McCloskey knew she didn’t want to work in oil and gas. Instead, she joined a Slack community for “air miners,” or people interested in carbon capture, and began networking with fellow climate tech enthusiasts.
The summer before her senior year, McCloskey did an internship at The Engine in Cambridge, where she ran into Leah Ellis, the CEO of Sublime. She reached out to Ellis a few months later, hoping to work at her company, and started a job there in August last year.
Many of McCloskey’s friends ended up working at consulting companies, like McKinsey, Deloitte, or Boston Consulting Group. Big consulting firms often pay starting associates over $110,000 a year. (McCloskey and others interviewed for this story declined to give their salaries.)
“It would be sick to make that much money and transition to climate later, but I really wanted to do this now,” she said. “I really feel like we cannot wait. In another five to six years, we may be screwed.”
‘Everyone is committed to the same cause’
He dabbled in biotech, then data science. But Aaron Gould always knew he wanted to explore cleantech. Especially after reading article after article about the climate crisis.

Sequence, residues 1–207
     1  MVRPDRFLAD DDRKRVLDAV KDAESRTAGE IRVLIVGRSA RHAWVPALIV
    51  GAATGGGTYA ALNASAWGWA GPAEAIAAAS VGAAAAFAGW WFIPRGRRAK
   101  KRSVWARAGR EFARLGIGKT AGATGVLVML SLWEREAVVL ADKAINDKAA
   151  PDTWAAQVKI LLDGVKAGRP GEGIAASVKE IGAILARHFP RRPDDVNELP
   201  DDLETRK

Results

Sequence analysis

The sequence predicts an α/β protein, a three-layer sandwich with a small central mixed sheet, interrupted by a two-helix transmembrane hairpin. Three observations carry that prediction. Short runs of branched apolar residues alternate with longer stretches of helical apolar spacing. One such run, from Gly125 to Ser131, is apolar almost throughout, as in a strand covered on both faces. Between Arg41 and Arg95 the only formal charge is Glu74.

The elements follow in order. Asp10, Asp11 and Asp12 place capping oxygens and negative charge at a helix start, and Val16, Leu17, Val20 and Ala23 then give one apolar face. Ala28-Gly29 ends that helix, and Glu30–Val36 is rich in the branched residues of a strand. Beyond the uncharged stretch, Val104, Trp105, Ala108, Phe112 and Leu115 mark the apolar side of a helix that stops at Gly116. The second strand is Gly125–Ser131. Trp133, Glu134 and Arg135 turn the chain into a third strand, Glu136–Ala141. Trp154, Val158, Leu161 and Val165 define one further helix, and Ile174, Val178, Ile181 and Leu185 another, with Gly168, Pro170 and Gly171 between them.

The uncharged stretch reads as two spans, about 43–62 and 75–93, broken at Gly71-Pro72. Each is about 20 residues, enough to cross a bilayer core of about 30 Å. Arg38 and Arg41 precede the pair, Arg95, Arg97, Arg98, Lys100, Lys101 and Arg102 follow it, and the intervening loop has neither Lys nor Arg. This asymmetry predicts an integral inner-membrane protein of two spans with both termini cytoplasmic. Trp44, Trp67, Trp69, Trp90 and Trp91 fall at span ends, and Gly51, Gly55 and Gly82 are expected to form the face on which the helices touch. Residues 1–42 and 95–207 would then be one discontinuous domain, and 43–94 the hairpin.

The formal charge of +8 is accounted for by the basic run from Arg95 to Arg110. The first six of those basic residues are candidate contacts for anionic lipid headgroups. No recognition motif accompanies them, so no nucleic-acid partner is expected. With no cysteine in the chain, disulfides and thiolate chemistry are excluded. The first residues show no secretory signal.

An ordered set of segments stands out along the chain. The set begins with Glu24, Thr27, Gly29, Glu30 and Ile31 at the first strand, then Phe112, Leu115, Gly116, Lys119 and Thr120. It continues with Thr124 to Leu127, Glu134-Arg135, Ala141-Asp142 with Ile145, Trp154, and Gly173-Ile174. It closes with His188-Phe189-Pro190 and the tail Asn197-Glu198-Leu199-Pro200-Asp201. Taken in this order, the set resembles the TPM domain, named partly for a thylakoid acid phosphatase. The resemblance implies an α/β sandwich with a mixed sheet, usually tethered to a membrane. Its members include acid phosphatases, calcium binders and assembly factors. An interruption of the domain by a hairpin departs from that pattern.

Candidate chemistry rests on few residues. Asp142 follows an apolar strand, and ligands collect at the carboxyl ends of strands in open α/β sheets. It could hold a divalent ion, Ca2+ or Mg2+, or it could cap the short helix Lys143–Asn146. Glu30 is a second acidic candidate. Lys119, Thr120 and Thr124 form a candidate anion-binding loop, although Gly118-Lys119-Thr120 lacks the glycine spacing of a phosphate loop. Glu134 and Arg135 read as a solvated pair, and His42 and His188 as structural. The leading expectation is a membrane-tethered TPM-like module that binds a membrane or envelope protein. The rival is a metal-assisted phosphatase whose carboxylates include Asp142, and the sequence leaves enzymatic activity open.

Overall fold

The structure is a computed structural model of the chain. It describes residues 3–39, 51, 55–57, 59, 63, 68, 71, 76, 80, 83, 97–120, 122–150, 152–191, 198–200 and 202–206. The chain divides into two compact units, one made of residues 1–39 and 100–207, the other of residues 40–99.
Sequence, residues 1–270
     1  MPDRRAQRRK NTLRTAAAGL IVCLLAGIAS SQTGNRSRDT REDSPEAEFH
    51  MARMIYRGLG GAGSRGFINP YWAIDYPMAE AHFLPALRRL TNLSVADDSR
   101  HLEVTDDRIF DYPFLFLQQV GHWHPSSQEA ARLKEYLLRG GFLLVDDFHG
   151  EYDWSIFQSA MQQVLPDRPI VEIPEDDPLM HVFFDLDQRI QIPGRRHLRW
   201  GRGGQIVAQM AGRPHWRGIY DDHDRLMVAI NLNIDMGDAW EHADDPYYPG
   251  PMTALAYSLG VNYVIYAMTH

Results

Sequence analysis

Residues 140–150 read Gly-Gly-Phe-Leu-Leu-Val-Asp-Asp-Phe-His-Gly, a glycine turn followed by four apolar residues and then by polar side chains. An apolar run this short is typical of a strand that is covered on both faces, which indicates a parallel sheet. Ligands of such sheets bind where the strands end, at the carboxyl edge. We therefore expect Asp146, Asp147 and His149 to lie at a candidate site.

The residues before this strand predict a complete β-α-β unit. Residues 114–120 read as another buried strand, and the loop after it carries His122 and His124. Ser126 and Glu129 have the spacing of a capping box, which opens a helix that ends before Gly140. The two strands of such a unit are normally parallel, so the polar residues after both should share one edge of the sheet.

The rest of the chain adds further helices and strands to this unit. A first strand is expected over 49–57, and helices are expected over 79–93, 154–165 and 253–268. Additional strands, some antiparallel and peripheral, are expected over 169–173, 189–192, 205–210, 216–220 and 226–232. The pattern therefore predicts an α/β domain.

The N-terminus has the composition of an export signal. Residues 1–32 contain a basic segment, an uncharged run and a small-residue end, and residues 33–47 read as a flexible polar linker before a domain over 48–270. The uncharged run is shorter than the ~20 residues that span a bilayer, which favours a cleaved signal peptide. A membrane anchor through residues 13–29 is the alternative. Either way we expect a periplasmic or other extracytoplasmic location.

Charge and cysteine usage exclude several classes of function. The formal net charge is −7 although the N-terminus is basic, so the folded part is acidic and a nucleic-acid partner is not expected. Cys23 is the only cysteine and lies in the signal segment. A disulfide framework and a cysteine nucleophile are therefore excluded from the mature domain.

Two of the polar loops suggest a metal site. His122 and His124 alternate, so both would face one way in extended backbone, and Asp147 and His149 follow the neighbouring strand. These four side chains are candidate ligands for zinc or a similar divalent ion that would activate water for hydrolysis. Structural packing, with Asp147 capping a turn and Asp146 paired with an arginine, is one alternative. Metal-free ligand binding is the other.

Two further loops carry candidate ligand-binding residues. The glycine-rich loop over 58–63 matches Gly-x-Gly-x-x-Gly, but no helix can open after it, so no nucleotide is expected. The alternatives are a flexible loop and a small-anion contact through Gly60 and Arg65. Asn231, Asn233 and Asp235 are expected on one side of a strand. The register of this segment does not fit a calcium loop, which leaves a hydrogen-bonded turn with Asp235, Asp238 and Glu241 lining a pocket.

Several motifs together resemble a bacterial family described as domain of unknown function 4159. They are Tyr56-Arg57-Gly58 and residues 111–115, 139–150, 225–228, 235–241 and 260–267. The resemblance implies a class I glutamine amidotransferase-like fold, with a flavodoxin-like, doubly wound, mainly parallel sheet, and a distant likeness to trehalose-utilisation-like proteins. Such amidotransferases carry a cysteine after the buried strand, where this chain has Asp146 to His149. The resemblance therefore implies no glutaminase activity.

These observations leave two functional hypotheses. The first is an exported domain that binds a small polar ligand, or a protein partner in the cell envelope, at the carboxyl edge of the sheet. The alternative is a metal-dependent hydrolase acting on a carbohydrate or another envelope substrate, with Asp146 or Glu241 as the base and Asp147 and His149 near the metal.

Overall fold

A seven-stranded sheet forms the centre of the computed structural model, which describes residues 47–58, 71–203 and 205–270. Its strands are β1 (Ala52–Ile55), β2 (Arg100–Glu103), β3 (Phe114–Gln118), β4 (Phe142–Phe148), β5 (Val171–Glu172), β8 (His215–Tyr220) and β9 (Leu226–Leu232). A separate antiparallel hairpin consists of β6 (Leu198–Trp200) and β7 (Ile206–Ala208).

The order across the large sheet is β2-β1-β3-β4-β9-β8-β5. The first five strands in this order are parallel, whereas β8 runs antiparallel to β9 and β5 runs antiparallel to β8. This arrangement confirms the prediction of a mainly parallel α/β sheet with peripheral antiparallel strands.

Gould, 24, graduated from Tufts University in 2022 with a degree in chemical engineering. Today, he’s a process engineer at Osmoses, a Boston-based climate tech startup, which he connected with through a Massachusetts Clean Energy Center internship program. The company works on separating gasses, a common process in factories, using special membranes instead of heat — an approach Osmoses claims could remove gigatons of carbon from the atmosphere.
“That was a reason why I wanted to work in cleantech,” he said. “There are ways to [use my skills] to make oil and gas cleaner.”
But there are pay differences between traditional companies and cleantech startups. According to job site ZipRecruiter, an entry-level chemical engineer in Massachusetts can make around $100,000 a year on average. (This includes all industries, such as pharmaceuticals, food science, and oil and gas.) Meanwhile, an entry-level job at a climate tech startup typically pays between $65,000 and $80,000, according to local workers — though it depends on the type of role and the size of the company.
Still, students are gravitating towards climate tech for reasons beyond the pay.
“There was a lot of momentum, when I was graduating, that climate is a serious problem,” Gould said, “that people should be committing themselves to.”
Gould wants to stay in Boston because he believes it is a hub for innovation. Osmoses works out of a lab in The Engine — a space that also houses other climate tech companies.
“Being in this community is great, just to learn about the different talent that’s here, and how everyone is committed to the same cause,” he said.